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Gerald, Esq
Gerald, Esq, Lawyer
Category: Legal
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Experience:  30 years of experience
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Can an officer of the law take a statement from a patient

Customer Question

can an officer of the law take a statement from a patient who is hospitalized and under heavy medication and then later use it in court against that person to convicte them of a criminal offenseit's a serious if you had the answers could you please cite the law or if there's any cases you can cite thank you very much
Submitted: 1 year ago.
Category: Legal
Expert:  Gerald, Esq replied 1 year ago.

Hello,

Thank you for using Just Answer. I want to provide you the best service I can. Please feel free to ask any follow up questions you have.

I am an attorney with 30 years of experience; I hope to provide you information that will help you in resolving your question.

A statement made by a suspect while under the effects of medication would not be admissible in a criminal proceeding against that individual IF there is evidence that the medication impaired the individual's thinking. The court must consider the defendant's physical and mental state and any substances that effect the individual's free will in confessing.

The Fourteenth Amendment to the United States Constitution and Article I, sections 7 and 15 of the California Constitution bar the use of involuntary confessions against a criminal defendant. For a confession to be voluntary it must be “the product of a rational intellect and a free will.” If the effect of the medication is to impair the intellect and free will then the statement is not voluntarily given.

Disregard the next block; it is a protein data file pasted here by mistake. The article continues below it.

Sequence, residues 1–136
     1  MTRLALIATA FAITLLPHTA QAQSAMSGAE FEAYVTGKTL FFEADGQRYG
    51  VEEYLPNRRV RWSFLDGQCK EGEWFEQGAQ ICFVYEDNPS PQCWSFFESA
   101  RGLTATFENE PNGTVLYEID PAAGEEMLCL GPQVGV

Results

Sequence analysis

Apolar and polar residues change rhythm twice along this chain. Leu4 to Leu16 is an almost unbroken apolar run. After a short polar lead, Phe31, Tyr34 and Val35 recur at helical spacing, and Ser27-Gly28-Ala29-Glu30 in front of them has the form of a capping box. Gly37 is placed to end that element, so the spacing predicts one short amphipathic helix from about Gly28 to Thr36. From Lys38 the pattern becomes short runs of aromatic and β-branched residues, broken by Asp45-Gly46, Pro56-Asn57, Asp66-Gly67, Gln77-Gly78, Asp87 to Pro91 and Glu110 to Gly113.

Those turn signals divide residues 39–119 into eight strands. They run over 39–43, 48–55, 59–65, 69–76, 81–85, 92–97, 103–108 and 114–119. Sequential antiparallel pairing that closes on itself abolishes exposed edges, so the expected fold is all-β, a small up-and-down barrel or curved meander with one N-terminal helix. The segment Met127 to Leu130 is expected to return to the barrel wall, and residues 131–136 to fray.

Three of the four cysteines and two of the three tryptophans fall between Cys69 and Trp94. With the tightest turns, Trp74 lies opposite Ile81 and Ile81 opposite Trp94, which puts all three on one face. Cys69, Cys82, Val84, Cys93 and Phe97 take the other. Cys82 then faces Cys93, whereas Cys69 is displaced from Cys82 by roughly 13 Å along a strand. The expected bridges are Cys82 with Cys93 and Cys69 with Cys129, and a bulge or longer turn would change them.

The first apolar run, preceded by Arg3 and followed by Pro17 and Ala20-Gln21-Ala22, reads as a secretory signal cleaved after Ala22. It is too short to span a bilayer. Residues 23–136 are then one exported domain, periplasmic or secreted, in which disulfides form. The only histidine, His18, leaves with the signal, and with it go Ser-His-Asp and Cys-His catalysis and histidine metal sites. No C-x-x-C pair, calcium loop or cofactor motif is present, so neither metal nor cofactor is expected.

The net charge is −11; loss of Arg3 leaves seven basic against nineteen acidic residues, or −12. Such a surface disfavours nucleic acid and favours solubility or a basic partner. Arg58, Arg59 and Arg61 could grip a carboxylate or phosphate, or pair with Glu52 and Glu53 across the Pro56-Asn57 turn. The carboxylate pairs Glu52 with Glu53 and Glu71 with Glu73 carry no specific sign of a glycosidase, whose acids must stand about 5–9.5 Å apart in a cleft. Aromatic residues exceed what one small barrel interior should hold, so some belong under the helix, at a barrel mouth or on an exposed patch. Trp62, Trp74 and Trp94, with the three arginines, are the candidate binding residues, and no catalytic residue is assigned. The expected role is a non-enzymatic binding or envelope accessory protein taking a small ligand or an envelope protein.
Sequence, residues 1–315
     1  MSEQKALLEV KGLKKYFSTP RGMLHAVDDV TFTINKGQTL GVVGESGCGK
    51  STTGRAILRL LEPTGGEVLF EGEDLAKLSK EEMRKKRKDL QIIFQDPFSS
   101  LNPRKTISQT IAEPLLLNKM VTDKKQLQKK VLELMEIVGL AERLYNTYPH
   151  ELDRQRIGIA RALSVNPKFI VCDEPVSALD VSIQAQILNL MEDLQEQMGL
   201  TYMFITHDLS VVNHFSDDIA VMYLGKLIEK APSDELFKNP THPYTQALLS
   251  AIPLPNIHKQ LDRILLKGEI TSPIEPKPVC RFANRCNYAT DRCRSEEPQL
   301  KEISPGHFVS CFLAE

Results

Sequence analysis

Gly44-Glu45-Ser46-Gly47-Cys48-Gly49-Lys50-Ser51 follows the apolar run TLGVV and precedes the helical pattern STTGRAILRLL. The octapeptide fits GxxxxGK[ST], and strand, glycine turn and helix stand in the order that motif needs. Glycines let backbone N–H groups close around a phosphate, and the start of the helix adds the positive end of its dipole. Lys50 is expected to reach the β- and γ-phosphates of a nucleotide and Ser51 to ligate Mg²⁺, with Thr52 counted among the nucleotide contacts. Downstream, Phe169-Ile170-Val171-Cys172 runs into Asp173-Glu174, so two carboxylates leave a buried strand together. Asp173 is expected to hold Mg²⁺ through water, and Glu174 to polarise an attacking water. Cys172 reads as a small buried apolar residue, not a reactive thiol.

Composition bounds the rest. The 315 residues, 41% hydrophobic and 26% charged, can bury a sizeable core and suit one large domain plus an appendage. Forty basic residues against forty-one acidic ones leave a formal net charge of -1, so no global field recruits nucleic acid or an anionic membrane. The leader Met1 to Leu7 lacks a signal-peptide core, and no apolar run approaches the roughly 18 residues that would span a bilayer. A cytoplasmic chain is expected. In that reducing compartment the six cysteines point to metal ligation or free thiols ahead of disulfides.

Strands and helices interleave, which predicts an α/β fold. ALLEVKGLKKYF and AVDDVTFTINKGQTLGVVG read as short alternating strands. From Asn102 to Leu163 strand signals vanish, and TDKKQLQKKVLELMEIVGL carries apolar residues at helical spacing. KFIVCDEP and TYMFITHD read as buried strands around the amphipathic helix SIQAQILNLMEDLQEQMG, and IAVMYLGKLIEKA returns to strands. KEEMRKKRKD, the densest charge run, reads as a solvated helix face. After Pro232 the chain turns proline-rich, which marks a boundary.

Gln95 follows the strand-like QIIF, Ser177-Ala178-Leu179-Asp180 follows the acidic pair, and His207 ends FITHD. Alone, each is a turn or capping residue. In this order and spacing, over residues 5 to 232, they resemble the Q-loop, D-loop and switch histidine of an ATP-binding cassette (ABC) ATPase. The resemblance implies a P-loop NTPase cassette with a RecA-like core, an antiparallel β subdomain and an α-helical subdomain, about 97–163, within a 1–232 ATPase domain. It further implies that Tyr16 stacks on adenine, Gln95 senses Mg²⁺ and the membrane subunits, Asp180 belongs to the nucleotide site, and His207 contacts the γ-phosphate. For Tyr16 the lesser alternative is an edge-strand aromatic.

Here are a couple cases for you to get started with:

Jackson v. Denno (1964) 378 U.S.368, 385-386, People v. Benson (1990) 52 Cal.3d 754, 778.

Townsend v. Sain, 372 U.S. 293 (1963) (suspect was administered drug with properties of ''truth serum'' to relieve withdrawal pains of narcotics addiction, although police probably were not aware of drug's side effects).

Here are some additional resources that may help:

http://constitution.findlaw.com/amendment5/annotation09.html

http://www.nolo.com/legal-encyclopedia/miranda-involuntary-confessions.html

http://www.sdap.org/downloads/research/criminal/confessions.pdf

The remedy is to file a Motion to Suppress the statement (also known as a Motion in Limine). This is filed prior to the trial. An affidavit from a physician describing the effects of the medication would be used in support of the Motion.

I hope the information I have provided is useful to you. I want you to be comfortable and satisfied with my attempt to assist you. Please, if you have ANY follow up questions, feel free to ask. Please note that I am generally unavailable Friday evening through Sunday.

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Good luck.

Please note: Information is educational and not given as legal advice. Only your local attorney can give legal advice. I can't establish or accept an attorney-client relationship with you. All posts are available for public viewing.